As we climbed out of Grassington towards Conistone Pie, the weather was kind to us and the views magnificent. Conistone Pie incidentally is not a variety of Yorkshire Dales steak and kidney pie, but is in fact a natural limestone hummock topped with a cairn.

Conistone Pie
Conistone Pie

We had now walked twenty-one miles and the blisters on my heels were rubbing like sandpaper on nails. The only way I could ease the pain was by cursing Gary under my breath, especially when he kept increasing the pace. At twenty-three miles we passed Scargill House, a Christian retreat and I was sorely tempted to seek refuge there. However, remembering that there was at least one pub in Kettlewell we hastened, or rather, hobbled on. The last mile was agony as the rubbing of flesh accompanied every step. At last we arrived at the youth hostel to see a stuffed model of a climber attached to ropes trying to scale the front wall of the hostel. Was this some kind of sick joke indicating that to gain entrance we would have to do the same? Fortunately not and, as it was 5.00pm, we were let in.

I spent most of the evening with my ‘hot feet’ propped high up in the air on pillows and blankets to ease the ‘foot pounding’, blisters and other aches and pains. This has now become known as ‘The Dales Way Technique’. So beneficial was the treatment that I managed to hobble in trainers without socks to one of the three pubs. Blisters need air and I needed the pub.

The three backpackers Gary had assaulted earlier had already drunk half a bottle of whisky and fortunately, contrary to our earlier thoughts, they were not former paras or SAS. One of them, a bus driver from Nottingham, was off sick from work with back trouble, although he failed to give a satisfactory explanation of how he could walk with a huge backpack. Another was a Canadian mountain biker and basketball player and the third one was a depressed teacher, no doubt glad to get away from his pupils. Returning to the youth hostel, we discovered our dormitory was rather small and the sound insulation to the next dormitory was poor. A group of youngsters were having lively discussions next door until 1.00am and sleeping was difficult; however, as youth hostels are essentially for youngsters I prefer not to complain. I was young once, although it is difficult to remember.

A death on the walk, birds galore and an encounter with the SAS

Post 10: After dragging Gary from his newspaper, we continued along the delightful River Wharfe reaching the ‘Strid’, where the river narrows through the gritstone rock. Legend has it that the Boy of Egremont was killed here in the 12th century trying to jump across the river. Having had one unsuccessful attempt at ending his walk, Gary immediately thought about another try but, when I pointed out the path continued along the river, for once he followed my directions.

Gary is a retired ‘twitcher’ (a keen bird watcher) and his suicidal tendencies evaporated when he saw a dipper. To be a twitcher you normally have to have endless patience, something Gary definitely doesn’t have; hence his early retirement from the activity. Like walkers, cyclists, anglers and runners, twitchers are the only people you see out and about at 7.30am on a Sunday morning. All other sane people are still tucked up in bed waiting for their paper to come through the door; they then amble downstairs to pick it up before returning to the warmth and comfort of their bed. Twitchers are so keen they will leave the house in fog, cold, rain, dark, frost and even snow to pursue their obsession of seeing a Siberian yellow-billed tit or such like.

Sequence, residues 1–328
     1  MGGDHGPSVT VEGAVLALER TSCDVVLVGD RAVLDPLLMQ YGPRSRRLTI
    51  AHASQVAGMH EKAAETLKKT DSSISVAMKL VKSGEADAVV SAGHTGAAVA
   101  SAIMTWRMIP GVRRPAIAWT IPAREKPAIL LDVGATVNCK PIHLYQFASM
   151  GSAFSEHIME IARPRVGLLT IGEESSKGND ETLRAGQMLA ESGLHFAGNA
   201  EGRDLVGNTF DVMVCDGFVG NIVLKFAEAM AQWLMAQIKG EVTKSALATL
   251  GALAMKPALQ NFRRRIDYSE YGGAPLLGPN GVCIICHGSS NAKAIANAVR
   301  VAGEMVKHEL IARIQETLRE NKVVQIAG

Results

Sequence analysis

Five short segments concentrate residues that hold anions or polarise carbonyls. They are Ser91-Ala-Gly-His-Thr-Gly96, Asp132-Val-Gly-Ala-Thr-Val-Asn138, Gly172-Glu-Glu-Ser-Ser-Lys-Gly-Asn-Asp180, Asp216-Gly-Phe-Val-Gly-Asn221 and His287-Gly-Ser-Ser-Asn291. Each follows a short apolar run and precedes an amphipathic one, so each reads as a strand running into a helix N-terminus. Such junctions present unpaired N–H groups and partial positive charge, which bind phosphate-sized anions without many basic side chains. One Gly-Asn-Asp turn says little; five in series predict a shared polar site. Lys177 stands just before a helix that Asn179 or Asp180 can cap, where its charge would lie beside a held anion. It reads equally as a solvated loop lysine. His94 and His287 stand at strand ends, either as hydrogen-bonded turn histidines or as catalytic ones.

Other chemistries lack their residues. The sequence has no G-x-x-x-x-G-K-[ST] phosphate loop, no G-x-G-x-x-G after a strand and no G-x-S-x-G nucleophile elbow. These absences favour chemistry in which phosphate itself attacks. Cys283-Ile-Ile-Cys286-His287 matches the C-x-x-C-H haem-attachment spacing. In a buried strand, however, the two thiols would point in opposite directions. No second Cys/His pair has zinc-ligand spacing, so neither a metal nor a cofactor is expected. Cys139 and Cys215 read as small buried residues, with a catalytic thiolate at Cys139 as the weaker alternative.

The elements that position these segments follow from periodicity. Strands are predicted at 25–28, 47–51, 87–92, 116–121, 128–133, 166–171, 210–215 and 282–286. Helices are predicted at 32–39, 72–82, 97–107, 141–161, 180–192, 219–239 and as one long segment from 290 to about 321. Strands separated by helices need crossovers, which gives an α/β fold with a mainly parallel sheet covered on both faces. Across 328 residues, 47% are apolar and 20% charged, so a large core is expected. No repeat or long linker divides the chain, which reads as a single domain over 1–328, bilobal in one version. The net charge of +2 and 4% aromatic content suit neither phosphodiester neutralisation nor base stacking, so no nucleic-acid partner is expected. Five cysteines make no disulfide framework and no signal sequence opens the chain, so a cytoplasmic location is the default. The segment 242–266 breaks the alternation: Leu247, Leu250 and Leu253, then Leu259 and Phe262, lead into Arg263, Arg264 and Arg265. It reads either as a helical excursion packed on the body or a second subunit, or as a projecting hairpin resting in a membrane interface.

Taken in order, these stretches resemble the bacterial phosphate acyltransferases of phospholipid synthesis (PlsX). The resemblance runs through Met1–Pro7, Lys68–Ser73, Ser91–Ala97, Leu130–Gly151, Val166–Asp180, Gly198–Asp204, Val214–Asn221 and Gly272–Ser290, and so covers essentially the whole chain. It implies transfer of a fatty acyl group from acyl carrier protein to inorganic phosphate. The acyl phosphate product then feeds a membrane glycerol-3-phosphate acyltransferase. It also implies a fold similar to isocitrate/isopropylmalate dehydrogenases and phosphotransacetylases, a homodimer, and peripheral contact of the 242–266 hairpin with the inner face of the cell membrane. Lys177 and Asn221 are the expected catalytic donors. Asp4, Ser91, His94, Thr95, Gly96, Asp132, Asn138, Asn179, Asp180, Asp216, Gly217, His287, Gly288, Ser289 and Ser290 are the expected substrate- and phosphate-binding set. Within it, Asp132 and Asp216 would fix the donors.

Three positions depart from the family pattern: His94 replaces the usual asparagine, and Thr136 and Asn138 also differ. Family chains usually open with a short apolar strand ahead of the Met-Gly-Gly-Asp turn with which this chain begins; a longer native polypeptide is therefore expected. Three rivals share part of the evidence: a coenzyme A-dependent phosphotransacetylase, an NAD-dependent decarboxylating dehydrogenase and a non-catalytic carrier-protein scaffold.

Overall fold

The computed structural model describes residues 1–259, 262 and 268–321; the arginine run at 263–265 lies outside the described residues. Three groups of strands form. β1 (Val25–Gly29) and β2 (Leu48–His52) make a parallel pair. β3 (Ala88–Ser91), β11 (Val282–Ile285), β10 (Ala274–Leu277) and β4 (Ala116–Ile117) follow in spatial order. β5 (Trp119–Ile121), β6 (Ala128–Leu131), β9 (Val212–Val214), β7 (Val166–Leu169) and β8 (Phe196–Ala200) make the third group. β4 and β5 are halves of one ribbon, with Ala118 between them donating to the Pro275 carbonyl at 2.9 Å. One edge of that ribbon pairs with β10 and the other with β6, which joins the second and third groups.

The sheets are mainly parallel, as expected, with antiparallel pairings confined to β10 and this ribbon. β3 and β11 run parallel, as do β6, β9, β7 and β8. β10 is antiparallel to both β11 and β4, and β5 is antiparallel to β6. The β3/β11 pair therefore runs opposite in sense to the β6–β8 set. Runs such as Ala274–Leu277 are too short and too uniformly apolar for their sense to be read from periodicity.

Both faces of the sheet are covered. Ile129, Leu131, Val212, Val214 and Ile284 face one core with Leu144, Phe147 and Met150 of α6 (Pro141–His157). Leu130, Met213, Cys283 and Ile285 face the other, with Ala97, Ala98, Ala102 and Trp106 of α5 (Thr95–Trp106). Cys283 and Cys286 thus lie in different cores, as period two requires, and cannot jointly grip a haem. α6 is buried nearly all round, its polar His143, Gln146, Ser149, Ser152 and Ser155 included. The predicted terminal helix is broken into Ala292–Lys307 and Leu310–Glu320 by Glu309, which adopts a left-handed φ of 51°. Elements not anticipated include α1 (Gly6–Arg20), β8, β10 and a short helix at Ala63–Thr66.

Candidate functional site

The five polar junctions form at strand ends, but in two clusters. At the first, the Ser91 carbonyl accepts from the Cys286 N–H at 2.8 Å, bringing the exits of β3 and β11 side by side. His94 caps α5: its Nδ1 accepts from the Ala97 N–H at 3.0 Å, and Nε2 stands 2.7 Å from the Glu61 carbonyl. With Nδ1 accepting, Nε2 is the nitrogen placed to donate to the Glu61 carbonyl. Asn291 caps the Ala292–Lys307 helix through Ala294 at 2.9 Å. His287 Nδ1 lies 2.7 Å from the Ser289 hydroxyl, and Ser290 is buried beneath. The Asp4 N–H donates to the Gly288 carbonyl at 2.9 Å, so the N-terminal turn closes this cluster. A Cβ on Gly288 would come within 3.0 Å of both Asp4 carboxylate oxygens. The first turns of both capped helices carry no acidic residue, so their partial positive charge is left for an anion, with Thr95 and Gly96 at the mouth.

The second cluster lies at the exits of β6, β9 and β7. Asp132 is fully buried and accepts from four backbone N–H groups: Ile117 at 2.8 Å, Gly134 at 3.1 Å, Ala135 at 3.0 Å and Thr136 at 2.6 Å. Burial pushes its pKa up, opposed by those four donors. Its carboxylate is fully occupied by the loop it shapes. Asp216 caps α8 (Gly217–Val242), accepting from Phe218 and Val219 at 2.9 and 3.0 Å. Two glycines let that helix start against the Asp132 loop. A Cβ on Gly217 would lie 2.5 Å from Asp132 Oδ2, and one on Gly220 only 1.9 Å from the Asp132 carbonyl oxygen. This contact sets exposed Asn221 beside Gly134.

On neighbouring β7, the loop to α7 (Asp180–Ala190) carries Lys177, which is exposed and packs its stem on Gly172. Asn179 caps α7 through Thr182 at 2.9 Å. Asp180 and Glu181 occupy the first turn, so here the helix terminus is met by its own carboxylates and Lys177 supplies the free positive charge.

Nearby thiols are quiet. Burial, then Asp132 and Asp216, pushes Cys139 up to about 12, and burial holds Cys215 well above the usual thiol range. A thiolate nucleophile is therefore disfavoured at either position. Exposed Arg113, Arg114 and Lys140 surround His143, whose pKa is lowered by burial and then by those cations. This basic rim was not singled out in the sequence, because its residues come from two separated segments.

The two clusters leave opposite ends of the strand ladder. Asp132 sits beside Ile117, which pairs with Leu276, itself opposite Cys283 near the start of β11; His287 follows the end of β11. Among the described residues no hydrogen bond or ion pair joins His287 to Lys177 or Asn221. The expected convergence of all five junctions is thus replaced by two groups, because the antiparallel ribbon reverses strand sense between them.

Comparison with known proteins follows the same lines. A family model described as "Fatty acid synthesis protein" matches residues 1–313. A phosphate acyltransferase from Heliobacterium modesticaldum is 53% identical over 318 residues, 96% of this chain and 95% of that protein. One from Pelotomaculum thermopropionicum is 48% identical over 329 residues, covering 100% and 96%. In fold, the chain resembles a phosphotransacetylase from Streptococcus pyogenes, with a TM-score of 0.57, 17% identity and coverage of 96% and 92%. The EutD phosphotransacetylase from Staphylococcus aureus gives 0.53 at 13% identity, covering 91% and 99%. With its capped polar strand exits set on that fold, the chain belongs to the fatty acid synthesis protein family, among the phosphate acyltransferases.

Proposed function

I haven’t the patience to sit for hours with binoculars waiting for a bird that, when it comes along, I can never recognise. However, on the Dales Way we did encounter a lot of birds including: wren, dunnock, tree sparrow, house sparrow, coal tit, blue tit, great tit, long-tailed tit, robin, chaffinch, greenfinch, bullfinch, stonechat, wheatear, skylark, meadow pipit, tree pipit, grey wagtail, yellow wagtail, pied wagtail, song thrush, mistle thrush, blackbird, starling, collared dove, wood pigeon, stock dove, great-spotted woodpecker, magpie, carrion crow (waiting for fallen Dales Way walkers?), partridge, pheasant, kestrel, peregrine falcon, buzzard, little owl, dunlin, lapwing, oyster catcher, curlew, grey heron, moorhen, mallard, swan, herring gull, and black-headed gull. To name but a few!


After about fourteen miles we adopted a fast pace, such that we became a risk to other walkers; had there been a speed limit we would have broken it. I can only think that Gary decided that, in order to opt out of the walk, he might be able to feign injury by ‘crashing’ into other walkers. He succeeded in wacking three walkers with his rucksack as he sped past. He bounced off them as they were carrying huge packs and appeared to be former paras or SAS; they gave Gary a mean look. We eventually came to a grinding halt for lunch at Linton Falls, some 16 miles into the walk. It was full of tourists and day-trippers, out for a quiet day in the country but herding together as though walking down Oxford Street in London. We left Linton Falls, glad to get away from the crowds, then, after a couple of hundred yards along the River Wharfe, re-captured the quiet and beauty of Wharfedale. It is a blessing that most visitors to the countryside will walk no more than a couple of hundred yards from their car and so leave hundreds of acres for the rest of us to wander about in peace and relative solitude.